Digital cameras and computer vision technology are being used to monitor the vital signs of premature babies to reduce the risk of infection through physical contact.
University of South Australia researchers have successfully trialled computer vision technology to monitor pre-term babies in neonatal care.
The technology combines footage taken of infants with their vital physiological data to detect minute changes of skin colour and movement that are not visible to the human eye.
University of South Australia neonatal critical care nursing lecturer Kim Gibson said the researchers used Nikon Digital SLR cameras to take images of the newborns and vitals monitors in Flinders Medical Centre’s Neonatal Unit south of Adelaide.
The images and data were then extracted and processed using algorithms to determine the babies’ heart and respiratory rates.
Gibson said the current method of monitoring pre-term babies — which relies on an electrocardiogram (ECG) — had a number of flaws, including a risk of infection.
“The ECG leads contain quite an adhesive layer, because they need to stick quite well,” she said.
“And when we take them off for X-rays, or we have to replace them, it can essentially rip or tear a good 80 per cent of the outer layer of the skin. That’s quite worrying for pre-term babies because it can cause some skin trauma and pain but it can also increase their risk of infection, which can actually cause significant harm.
The 10 premature babies were selected because they were prone to episodes of slow breathing and apnea.
“An unexpected finding was that our system was able to accurately detect apnea, when the ECG monitor did not,” Gibson said.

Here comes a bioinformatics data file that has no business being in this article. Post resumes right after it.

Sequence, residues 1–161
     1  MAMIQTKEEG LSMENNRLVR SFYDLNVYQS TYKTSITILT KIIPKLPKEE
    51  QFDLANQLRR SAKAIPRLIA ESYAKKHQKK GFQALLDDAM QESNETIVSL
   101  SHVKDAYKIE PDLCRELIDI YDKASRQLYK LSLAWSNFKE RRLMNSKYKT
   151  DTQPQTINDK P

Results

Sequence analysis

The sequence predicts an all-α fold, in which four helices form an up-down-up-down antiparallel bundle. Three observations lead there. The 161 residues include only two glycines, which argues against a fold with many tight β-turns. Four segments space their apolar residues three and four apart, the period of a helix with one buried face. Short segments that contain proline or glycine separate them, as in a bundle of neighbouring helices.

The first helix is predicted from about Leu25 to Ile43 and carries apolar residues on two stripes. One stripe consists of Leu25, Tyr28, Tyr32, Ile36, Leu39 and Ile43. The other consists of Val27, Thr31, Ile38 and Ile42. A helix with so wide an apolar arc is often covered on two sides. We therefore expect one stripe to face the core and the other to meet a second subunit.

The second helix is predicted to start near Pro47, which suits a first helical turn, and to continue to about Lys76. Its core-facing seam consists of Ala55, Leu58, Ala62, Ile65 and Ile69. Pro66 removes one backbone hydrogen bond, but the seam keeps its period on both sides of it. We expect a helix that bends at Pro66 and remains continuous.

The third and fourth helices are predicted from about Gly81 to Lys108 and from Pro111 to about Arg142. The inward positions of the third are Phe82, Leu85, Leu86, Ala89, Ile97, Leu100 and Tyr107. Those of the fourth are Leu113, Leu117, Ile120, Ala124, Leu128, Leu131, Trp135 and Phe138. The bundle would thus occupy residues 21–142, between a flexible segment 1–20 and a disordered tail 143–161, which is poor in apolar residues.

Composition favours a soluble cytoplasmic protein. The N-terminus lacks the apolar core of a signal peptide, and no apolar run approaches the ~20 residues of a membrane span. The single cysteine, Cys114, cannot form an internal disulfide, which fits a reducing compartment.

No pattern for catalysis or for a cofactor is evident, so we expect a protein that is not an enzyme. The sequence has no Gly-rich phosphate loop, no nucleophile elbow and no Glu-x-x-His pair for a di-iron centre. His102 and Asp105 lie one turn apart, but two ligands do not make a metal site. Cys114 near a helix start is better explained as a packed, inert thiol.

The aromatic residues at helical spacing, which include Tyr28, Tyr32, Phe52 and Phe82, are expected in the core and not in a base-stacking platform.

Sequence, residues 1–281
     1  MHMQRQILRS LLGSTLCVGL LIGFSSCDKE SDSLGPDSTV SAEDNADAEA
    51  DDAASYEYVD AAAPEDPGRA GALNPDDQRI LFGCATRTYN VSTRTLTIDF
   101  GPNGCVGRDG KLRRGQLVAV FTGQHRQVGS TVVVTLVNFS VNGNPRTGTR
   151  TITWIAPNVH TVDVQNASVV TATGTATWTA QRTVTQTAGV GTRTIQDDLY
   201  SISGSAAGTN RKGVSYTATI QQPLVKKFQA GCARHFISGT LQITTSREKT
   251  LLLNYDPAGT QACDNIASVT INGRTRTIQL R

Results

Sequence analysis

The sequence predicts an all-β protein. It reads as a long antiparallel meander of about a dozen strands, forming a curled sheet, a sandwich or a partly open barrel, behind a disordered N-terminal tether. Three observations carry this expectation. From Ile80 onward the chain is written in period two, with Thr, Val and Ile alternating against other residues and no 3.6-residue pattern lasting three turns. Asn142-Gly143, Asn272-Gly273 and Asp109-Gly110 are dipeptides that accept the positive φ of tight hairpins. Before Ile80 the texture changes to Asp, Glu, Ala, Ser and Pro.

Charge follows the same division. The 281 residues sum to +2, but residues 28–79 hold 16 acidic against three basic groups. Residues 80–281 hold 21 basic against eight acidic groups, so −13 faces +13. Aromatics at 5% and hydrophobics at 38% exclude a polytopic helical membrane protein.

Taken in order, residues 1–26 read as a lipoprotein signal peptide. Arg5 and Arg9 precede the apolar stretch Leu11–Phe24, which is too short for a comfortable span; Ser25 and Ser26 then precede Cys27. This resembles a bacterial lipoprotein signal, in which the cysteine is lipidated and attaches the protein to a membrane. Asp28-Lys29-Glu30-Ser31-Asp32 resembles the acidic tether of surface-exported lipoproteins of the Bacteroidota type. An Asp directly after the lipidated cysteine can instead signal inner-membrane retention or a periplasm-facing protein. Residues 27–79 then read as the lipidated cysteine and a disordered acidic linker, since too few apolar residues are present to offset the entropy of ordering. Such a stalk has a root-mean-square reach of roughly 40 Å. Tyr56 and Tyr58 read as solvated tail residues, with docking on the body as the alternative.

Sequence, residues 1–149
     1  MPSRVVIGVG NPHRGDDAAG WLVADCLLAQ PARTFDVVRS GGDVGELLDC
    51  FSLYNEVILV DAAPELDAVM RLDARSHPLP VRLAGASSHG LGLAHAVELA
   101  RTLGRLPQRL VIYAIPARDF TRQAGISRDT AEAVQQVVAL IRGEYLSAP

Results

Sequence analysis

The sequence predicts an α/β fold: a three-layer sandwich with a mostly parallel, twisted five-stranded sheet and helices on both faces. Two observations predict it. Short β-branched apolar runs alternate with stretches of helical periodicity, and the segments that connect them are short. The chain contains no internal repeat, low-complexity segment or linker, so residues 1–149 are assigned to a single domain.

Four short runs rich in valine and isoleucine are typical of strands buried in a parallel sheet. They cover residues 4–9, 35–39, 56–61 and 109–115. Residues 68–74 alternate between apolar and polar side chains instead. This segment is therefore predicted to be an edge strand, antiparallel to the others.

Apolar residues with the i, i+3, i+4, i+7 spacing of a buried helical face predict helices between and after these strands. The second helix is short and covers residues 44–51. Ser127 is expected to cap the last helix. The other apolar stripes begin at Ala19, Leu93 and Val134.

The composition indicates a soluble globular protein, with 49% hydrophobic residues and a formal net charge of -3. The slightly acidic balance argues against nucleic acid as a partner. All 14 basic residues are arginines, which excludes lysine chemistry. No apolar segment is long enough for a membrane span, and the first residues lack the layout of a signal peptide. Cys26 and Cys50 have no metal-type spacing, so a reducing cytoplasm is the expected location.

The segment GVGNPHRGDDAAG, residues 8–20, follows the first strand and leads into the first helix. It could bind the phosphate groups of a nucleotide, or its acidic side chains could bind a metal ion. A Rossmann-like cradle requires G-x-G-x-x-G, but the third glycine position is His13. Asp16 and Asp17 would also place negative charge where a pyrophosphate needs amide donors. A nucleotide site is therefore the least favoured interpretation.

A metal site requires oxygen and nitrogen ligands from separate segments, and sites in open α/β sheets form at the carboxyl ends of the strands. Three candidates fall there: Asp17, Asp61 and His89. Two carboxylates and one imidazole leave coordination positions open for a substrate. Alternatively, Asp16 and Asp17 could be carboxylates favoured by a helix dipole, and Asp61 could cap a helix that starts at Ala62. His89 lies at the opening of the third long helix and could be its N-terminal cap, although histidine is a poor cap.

“The conventional way that we do the ECG on the chest is not entirely accurate because the ECG units can pick up the heart rate instead of the breathing rate — and that’s what we were able to see in our study.
“We had a baby who stopped breathing for about eight seconds and the monitor that it was on was saying that it was breathing at about 14 to 17 breaths per minute but we could easily see that it wasn’t.”
Gibson said the non-contact method of monitoring maybe particularly useful in low resource environments where ECG leads were shared between infants, despite only having been intended as single use.
“Obviously in low resource countries they don’t want to dispose of these products and it gets shared,” Gibson said.
She said the researchers were trying to ensure the monitoring system was transferable to areas with reduced resources.
“We just use a normal camera, we could essentially do this on an iPhone and we actually want to make sure the system is based on cheap cameras so it can be used in real life.”
She said the technology was not limited to premature babies but could also be used in natural disasters or areas of defence.
The next stage of research would monitor a larger group of pre-term babies.